Ludvig Linton 1, Mats Karlsson, Jeanette Grundström, Eric Hjalmarsson, Annelie Lindberg, Emma Lindh, Hans Glise, Ragnar Befrits, Izabella Janczewska, Per Karlén, Ola Winqvist, Michael Eberhardson, Clin Transl Gastroenterol. 2012 Dec 20;3(12):e29.
HLA-DR(hi) and CCR9 Define a Pro-Inflammatory Monocyte Subset in IBD.
CD14(+)HLA-DR(hi) blood monocytes were increased in patients with active IBD. These monocytes exhibit a pro-inflammatory, gut-homing phenotype with regard to their TNF-α production and expression of CCR9. Our results suggest that these monocytes are important in mediating intestinal inflammation, and provide potential therapeutic targets in IBD.
Adsorptive depletion of α4 integrin(hi)- and CX3CR1(hi)-expressing proinflammatory monocytes in patients with ulcerative colitis
Shin-ichiro Takeda 1, Toru Sato, Tatsuro Katsuno, Tomoo Nakagawa, Yoshiko Noguchi, Osamu Yokosuka, Yasushi Saito, Dig Dis Sci. 2010 Jul;55(7):1886-95.
We found high expressions of alpha4 integrin and CX(3)CR1 on monocytes in patients with active UC, known to promote the extravasation of CD14(+)CD16(+) monocytes into the mucosa. GMA effectively depletes CD14(+)CD16(+) monocytes and concomitantly increases CD14(hi)CD16(-)CCR2(low) “immature” monocytes; thus GMA was associated with the emergence of less inflammatory monocyte phenotype in circulation.
Granulocyte and Monocyte Adsorption Apheresis Therapy Modulates Monocyte-Derived Dendritic Cell Function in Patients With Ulcerative Colitis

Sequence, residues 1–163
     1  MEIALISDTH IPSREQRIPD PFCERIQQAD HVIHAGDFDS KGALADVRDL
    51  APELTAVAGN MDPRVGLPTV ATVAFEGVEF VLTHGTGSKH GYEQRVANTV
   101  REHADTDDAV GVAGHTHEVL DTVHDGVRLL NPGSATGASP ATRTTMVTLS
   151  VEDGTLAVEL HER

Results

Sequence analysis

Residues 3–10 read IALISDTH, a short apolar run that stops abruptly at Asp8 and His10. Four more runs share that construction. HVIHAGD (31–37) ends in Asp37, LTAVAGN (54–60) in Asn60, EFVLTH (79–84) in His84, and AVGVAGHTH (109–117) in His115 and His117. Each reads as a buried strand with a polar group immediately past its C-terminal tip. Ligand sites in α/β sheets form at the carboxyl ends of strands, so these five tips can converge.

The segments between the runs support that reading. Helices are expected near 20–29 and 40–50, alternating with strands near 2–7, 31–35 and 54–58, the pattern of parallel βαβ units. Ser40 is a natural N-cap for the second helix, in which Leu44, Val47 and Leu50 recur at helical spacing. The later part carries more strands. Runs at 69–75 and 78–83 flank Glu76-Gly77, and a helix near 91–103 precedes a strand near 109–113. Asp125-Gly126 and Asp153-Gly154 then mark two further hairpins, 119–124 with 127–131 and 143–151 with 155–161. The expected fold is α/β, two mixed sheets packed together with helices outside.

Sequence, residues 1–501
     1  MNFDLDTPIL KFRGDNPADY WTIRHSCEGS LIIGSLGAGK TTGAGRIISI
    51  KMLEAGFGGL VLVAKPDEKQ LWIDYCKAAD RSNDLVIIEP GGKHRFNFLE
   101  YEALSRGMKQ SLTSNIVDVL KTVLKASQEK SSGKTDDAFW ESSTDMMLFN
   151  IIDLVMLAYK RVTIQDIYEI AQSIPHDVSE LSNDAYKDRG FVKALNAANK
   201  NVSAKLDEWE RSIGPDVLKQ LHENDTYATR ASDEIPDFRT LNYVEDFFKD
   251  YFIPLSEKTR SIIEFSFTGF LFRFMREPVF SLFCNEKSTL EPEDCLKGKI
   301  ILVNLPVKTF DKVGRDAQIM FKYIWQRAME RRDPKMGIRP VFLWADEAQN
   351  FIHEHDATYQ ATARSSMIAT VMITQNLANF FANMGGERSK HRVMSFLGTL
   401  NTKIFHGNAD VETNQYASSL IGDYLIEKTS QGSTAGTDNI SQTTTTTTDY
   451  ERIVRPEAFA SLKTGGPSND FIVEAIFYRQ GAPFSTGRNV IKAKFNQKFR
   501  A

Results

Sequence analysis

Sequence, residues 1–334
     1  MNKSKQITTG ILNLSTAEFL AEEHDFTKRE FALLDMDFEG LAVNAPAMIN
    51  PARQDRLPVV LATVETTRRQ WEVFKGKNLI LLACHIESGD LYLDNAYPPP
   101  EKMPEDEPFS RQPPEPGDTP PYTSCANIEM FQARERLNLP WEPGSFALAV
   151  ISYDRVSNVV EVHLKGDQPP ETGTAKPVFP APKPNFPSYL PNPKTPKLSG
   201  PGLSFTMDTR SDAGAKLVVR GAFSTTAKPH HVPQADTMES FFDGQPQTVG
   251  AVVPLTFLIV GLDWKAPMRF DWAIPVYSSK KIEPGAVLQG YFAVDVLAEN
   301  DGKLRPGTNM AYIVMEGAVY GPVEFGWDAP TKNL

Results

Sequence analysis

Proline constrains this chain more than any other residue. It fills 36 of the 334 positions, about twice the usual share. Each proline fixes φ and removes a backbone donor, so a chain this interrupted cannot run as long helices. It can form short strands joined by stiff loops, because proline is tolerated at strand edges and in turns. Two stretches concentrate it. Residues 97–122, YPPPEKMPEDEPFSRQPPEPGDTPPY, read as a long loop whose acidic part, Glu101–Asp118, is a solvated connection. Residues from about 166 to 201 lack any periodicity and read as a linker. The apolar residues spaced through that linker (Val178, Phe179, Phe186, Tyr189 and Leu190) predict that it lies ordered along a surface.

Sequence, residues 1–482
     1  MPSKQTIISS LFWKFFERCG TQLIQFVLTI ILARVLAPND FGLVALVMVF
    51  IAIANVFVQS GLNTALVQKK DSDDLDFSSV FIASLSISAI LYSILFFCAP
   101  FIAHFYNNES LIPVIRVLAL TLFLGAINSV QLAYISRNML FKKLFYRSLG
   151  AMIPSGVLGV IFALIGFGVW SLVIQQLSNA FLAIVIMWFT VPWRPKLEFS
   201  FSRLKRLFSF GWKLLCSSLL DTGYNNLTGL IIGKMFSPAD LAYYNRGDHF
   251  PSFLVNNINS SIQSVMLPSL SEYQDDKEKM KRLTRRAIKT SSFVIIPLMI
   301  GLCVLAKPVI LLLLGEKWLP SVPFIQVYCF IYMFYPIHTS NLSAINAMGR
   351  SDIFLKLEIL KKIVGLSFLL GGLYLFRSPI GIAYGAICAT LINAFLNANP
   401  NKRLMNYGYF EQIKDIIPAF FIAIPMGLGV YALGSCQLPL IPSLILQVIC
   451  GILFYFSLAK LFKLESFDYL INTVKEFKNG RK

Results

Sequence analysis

Yuko Iwakami,Atsushi Sakuraba,Toshiro Sato,Yasuhiro Takada,Motoko Izumiya,Hitoshi Ichikawa,Toshifumi Hibi Ther Apher Dial 13, 2 (2009); 138-146
The aim of this study was to elucidate the molecular mechanisms responsible for the therapeutic effects of granulocyte and monocyte adsorption apheresis (GMA). We investigated the alterations in circulating monocyte subsets and monocyte-derived dendritic cell (moDC) function after GMA therapy in ulcerative colitis (UC) patients. Eighteen patients with UC were enrolled: 14 patients were responders, and 4 patients were non-responders. Peripheral venous blood was obtained within 5 min before and 5 min after GMA therapy. Flow cytometric analysis for monocyte markers (CD14/CD16) was then performed. Monocyte-derived dendritic cells were obtained and alterations in their phenotype were analyzed by flow cytometry. Their function was also analyzed in a mixed lymphocyte reaction assay between allo-naïve T lymphocytes. Flow cytometric analysis for intracellular interferon (IFN)-γ (T-helper 1 cells) and interleukin (IL)-4 (T-helper 2 cells) was then performed for the stimulated T lymphocytes. In patients who responded to GMA, the average numbers of monocytes, especially CD16+ monocytes, were significantly decreased after therapy (P < 0.05). In responders, post-GMA moDCs expressed significantly lower CD80 and B7-DC, which are one of the stimulation and maturation markers of dendritic cells, compared to pre-GMA moDCs. CD83, CD86 and human leukocytcde antigen-DR also showed a tendency to decrease. In responders, naïve T lymphocytes stimulated with post-GMA moDCs produced significantly less IFN-γ and IL-4 compared to those stimulated with pre-GMA moDCs. The results of our study show that some of the immunosuppressive effects of GMA therapy may be associated with the modulation of monocyte subsets and moDC function.
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